“Integrating holography into everyday electronics would make screen size irrelevant — a pop-up 3D hologram can display a wealth of data that doesn’t neatly fit on a phone or watch.

“From medical diagnostics to education, data storage, defence and cyber security, 3D holography has the potential to transform a range of industries and this research brings that revolution one critical step closer.”

The next step for the team is developing a rigid thin film that can be placed on an LCD screen, such as that on a smartphone or notebook, to enable everyday use of 3D holographic display. This will be immensely challenging as it involves shrinking the nano- hologram’s pixel size even further — at least 10 times smaller than it currently is.

“But beyond that, we are looking to create flexible and elastic thin films that could be used on a whole range of surfaces, opening up the horizons of holographic applications.”

Scientific reference: Zengji Yue, Gaolei Xue, Juan Liu, Yongtian Wang, Min Gu. Nanometric holograms based on a topological insulator material. Nature Communications, 2017; 8: 15354 DOI: 10.1038/NCOMMS15354

Demonstration of the nanomaterial holographic generator which is supposed to advance various holographic applications, according to the researchers. Credit: ACS Nano

Full-color 3-D holograms made with atomic-sized nanomaterials

Using nanomaterials whose tiny surface was etched with various geometrical patterns, researchers at Missouri University of Science and Technology demonstrated the first full-color 3-D holograms with such an approach. Their work could lead to anything from colorful 3D holograms projected from the smartphones of the future or better, more secure credit card holograms.

Demonstration of the nanomaterial holographic generator which is supposed to advance various holographic applications, according to the researchers. Credit: ACS Nano

Demonstration of the nanomaterial holographic generator which is supposed to advance various holographic applications, according to the researchers. Credit: ACS Nano

The new method used involves ultrathin nanometer-scale metallic films with metasurfaces that can be used to manipulate light’s wavefront. The metasurface hologram developed by the team consists of an aluminum film 35 nanometers thick, perforated with tiny rectangular holes 80 nanometers high by 160 nanometers wide. A microfabrication process known as focused ion beam milling was used to create different orientation angles.

To make holograms you have to manipulate the light’s wavefront. Dr. Xiaodong Yang and Dr. Jie Gao, both assistant professors at Missouri S&T, used ultrathin metal films with variable metasurfaces. Just so you can get an idea of the scale involved, the team metal films were only 35 nanometers thick whereas the typical human hair is 100,000 nanometers wide. That’s only 10 times thicker than the diameter of DNA.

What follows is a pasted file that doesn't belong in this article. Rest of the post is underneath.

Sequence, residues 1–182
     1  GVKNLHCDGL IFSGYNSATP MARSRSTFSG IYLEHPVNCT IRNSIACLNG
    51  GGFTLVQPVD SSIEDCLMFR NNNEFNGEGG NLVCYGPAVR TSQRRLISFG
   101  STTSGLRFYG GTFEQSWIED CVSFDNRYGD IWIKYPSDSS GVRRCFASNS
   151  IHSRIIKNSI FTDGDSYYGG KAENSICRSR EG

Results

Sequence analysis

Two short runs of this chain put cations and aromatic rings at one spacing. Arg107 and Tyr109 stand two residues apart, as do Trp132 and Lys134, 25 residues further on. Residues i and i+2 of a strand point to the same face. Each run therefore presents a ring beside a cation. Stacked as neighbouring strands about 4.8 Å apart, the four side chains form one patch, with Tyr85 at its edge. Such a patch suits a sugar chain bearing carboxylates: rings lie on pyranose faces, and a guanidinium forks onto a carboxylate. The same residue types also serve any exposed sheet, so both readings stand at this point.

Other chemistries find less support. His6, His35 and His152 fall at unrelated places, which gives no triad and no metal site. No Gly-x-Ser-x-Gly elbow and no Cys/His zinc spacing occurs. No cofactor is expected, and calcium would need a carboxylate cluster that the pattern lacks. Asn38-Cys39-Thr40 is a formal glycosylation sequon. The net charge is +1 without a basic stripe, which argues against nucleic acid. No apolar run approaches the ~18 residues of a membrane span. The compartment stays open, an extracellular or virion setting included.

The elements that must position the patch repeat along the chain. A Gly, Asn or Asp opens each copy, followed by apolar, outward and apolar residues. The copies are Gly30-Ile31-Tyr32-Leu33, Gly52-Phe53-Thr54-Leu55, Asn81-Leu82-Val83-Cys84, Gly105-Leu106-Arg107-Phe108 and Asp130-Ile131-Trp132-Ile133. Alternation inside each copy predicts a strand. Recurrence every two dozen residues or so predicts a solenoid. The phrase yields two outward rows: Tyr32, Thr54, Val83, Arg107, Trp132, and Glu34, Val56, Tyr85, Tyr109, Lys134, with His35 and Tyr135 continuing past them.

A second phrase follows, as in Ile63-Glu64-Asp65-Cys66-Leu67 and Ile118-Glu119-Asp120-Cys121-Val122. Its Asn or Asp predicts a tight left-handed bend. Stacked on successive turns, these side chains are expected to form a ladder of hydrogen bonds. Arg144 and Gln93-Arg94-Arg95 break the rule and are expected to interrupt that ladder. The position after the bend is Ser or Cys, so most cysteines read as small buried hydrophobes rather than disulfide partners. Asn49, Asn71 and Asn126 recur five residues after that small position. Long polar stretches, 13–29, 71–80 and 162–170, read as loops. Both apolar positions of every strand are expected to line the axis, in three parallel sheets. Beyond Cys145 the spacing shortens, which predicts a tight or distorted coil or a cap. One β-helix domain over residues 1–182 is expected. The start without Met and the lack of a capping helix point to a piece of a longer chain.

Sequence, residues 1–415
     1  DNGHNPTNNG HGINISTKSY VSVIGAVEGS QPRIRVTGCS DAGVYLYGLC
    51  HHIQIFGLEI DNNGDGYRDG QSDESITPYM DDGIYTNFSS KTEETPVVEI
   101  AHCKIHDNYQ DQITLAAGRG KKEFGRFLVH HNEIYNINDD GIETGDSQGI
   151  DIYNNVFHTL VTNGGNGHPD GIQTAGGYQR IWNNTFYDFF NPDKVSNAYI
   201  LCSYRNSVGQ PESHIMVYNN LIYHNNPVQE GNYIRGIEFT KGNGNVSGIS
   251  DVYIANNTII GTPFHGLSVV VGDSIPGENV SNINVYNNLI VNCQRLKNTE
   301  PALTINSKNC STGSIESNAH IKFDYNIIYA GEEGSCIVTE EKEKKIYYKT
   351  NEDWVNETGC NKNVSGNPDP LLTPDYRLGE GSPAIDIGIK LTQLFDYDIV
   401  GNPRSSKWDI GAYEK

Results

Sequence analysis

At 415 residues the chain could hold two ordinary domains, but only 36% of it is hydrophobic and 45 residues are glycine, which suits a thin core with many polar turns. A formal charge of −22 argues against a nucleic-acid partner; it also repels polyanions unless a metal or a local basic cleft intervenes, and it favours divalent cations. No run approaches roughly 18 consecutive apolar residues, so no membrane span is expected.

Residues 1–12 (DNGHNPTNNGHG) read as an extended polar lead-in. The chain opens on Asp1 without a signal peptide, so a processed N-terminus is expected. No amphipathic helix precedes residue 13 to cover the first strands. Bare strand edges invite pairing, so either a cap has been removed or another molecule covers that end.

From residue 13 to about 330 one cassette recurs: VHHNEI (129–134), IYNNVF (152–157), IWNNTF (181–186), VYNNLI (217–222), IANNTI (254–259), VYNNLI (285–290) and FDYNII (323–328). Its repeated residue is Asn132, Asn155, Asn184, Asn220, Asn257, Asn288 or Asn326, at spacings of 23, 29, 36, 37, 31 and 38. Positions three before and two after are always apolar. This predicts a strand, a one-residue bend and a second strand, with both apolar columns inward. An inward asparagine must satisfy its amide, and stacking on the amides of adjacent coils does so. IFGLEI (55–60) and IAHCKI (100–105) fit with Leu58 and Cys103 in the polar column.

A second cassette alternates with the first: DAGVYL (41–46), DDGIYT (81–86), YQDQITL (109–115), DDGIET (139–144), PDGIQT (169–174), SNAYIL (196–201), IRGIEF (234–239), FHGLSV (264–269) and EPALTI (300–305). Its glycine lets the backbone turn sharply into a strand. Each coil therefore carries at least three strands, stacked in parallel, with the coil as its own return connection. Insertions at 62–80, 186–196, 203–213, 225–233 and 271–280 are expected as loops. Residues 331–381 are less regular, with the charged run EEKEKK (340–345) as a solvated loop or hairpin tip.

Using ion beam milling, the researchers then made tiny rectangular holes of 160 by 80 nanometers into the metasurface with various orientation angles. It was then only a matter of firing three different lasers (red, green blue) onto the metasurface to create  “clean and vivid full-color holographic images with high resolution and low noise.”

By varying the intensity of each laser, the researchers produced the primary colors — red, green and blue — as well as the secondary colors known as cyan, magenta, yellow and white. Mixing these colors offers virtually the whole spectrum.

To demonstrate their work, the letters C, M, Y and W, a Rubik’ cube and an apple were projected as 3-D holograms.

“By adjusting the orientation angle of the nanoscale slits, we are able to fully tune the phase delay through the slit for realizing the phase modulation within the entire visible color range,” says Yang. “In addition, the amplitude modulation is achieved by simply including or not including the slit. Our holograms contain both amplitude and phase modulations at nanometer scale so that high resolution and low noise holographic images can be reconstructed.”

Previous methods produced 3-D holograms in a limited color spectrum, but the new work can reconstruct almost all visible colors.

Findings appeared in ACS Nano

Scientists develop a ridiculously cheap acoustic tractor beam

Researchers working on acoustic holograms have created a new sonic tractor beam system for less than it costs to get lunch.

Image via Youtube / Nature Videos.

Image via Youtube / Nature Videos.

A little bit — and I mean that literally — of Star Trek has just passed into the real world. Scientists have developed a sonic system which can push or pull on objects just like the show’s famous tractor beams, only much smaller. While the idea of using sound to manipulate objects from afar isn’t new, no one has ever done so using a system as simple and cheap as this. The full device costs a little under 10$ to manufacture.

The device, created by engineers at the Max Planck Institute for Intelligent Systems in Germany, consists of just three parts — a 3D-printed plastic disk, a thin plate of brass, and a small speaker which you could probably find in any watch alarm.